When first learning a technique, ideally work with someone of similar size. Later, as you practice with people of diverse sizes you should begin to develop an understanding / feel for how a technique can be modified to be effective under diverse circumstances.

As a smaller person you will need to develop excellent kuzushi to negate resistance.

Journeyman said...

Hi Sue,

I've really enjoyed the discussion so far. I've read your follow up and have a couple more thoughts I'd like to share and would like to clarify a couple of points.

Applying the lock:

When I mentioned slapping the face, I had meant to illustrate how changing a person's mindset or focus can allow you an opportunity to apply a joint lock. I had selected the slap for training purposes, in the case of a resisting uke.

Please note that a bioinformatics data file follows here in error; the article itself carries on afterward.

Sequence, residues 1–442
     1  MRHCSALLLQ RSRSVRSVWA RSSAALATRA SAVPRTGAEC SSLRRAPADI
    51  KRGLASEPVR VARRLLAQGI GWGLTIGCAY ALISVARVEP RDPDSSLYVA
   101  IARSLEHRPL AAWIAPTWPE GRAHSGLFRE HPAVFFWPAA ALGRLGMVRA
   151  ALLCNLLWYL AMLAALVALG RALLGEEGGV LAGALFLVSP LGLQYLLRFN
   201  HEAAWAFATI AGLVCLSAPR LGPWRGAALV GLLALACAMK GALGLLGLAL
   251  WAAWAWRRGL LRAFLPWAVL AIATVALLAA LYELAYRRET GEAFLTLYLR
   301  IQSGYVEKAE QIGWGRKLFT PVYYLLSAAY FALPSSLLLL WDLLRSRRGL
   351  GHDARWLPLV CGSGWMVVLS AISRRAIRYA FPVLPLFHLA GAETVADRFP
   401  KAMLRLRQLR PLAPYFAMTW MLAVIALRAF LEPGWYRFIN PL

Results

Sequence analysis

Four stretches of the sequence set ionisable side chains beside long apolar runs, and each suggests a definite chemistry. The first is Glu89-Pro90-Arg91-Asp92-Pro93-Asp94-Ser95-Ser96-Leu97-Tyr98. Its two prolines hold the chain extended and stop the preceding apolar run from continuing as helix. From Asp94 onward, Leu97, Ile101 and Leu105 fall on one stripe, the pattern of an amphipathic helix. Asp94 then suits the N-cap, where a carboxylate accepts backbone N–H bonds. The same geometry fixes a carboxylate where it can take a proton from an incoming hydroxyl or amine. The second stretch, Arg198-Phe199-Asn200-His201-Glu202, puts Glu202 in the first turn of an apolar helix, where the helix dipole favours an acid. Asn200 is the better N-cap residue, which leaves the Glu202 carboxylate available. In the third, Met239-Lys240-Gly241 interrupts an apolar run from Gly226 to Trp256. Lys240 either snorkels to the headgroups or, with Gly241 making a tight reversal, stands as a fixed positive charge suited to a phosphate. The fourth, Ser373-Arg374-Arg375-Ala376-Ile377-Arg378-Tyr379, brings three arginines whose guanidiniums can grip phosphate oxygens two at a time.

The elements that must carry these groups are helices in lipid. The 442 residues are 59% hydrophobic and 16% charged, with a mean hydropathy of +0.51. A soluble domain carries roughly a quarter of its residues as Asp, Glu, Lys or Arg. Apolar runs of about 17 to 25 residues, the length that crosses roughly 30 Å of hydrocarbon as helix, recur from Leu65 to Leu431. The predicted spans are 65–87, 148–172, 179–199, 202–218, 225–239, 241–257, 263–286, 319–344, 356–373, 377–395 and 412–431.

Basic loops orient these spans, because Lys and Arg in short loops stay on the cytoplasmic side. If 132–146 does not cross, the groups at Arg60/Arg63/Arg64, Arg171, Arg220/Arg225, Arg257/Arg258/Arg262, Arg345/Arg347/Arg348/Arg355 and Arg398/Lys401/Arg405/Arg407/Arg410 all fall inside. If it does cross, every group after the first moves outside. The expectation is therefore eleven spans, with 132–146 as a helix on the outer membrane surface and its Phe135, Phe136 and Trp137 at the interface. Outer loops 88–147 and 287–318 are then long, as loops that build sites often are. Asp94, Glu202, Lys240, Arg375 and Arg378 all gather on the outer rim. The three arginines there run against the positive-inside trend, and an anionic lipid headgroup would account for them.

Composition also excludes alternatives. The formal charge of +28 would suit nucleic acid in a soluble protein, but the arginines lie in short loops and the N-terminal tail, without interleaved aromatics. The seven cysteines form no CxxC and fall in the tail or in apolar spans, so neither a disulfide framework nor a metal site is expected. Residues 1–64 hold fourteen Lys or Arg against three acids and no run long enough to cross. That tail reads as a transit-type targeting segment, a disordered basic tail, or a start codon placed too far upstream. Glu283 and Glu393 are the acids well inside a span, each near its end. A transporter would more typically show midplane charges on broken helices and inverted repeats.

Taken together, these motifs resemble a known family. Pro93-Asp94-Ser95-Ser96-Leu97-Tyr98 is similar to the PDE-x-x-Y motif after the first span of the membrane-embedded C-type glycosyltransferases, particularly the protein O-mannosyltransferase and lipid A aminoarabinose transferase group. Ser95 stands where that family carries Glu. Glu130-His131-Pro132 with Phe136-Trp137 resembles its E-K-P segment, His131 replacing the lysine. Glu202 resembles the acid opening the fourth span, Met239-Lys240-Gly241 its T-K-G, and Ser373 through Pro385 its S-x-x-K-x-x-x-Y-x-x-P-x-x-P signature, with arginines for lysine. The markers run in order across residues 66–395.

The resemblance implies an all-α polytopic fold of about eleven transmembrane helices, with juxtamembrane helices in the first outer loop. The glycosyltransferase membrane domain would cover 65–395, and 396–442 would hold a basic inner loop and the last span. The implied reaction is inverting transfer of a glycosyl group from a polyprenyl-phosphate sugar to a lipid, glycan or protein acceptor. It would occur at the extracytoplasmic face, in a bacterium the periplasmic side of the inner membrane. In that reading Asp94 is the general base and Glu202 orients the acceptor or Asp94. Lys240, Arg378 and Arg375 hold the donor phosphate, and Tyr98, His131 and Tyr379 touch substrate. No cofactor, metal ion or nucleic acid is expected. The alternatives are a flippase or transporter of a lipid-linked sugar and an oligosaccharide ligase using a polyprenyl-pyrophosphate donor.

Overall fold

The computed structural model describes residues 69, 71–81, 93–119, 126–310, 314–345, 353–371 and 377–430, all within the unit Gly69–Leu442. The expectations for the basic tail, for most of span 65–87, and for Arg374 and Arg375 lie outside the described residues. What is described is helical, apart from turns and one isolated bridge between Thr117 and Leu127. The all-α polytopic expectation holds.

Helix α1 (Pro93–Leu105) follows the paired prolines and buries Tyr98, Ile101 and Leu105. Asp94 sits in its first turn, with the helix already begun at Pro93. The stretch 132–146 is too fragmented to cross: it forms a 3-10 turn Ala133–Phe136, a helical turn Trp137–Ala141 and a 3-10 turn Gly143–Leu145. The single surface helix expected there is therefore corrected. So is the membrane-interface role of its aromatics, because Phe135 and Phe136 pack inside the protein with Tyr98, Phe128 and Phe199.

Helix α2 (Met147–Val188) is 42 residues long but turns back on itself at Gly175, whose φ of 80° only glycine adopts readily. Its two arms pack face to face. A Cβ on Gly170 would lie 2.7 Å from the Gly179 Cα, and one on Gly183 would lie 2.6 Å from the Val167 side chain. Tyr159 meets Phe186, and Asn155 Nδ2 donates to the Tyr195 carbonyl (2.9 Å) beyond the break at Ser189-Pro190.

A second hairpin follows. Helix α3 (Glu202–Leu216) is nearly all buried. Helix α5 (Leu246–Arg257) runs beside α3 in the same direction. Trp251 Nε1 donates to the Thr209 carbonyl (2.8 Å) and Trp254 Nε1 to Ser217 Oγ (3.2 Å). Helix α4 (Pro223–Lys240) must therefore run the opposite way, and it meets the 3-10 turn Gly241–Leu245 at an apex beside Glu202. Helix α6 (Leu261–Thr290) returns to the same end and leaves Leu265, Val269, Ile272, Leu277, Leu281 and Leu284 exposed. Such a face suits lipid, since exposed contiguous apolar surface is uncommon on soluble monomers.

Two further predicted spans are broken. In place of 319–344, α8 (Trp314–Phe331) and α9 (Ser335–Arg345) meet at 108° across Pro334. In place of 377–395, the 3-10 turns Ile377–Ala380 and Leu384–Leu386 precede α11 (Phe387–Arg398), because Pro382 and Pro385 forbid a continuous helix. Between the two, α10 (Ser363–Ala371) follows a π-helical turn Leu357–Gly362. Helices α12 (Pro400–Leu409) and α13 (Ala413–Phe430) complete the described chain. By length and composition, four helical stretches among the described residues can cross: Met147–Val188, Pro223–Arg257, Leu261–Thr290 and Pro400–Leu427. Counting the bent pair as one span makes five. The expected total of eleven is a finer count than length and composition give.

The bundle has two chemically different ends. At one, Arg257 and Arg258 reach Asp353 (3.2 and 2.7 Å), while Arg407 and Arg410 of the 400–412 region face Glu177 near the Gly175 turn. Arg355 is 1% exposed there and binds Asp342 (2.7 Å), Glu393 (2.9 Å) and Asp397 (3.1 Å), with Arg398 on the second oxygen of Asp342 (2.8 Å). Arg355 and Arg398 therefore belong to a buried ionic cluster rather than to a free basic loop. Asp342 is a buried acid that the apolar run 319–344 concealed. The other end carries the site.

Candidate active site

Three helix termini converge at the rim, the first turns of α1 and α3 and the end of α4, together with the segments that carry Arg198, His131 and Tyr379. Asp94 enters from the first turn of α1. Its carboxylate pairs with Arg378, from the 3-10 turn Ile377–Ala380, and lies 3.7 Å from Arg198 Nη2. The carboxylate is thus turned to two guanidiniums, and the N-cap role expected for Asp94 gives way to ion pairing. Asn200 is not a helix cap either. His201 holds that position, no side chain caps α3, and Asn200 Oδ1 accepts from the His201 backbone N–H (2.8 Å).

While a slap can be useful, it would not necessarily be my 'go to' technique. The mechanics of it don't put you in an overly advantageous position. And, as you've sort of mentioned, if you had the time to slap, you had the time to hit, likely a preferable choice in the first place.

You go on to say “If you are thinking too much about whether or not you can get a lock on then you may not remain ‘in the moment’ during the assault and respond with whatever technique is most appropriate at that point in time”

Excellent and important point. I could not agree more. Being in the moment, as you say, is essential for effective self defense.

I spent quite a bit of time working on various joint manipulations, locks, breaks etc. What needs to be mentioned is that I don’t ‘pre-select’ a specific joint lock and then use a softening or distracting technique in order to apply it during an attack. In fact, the first part of my defense/reaction is often a strike or a block/strike or a evade/strike, depending on the nature of the attack and my state of readiness.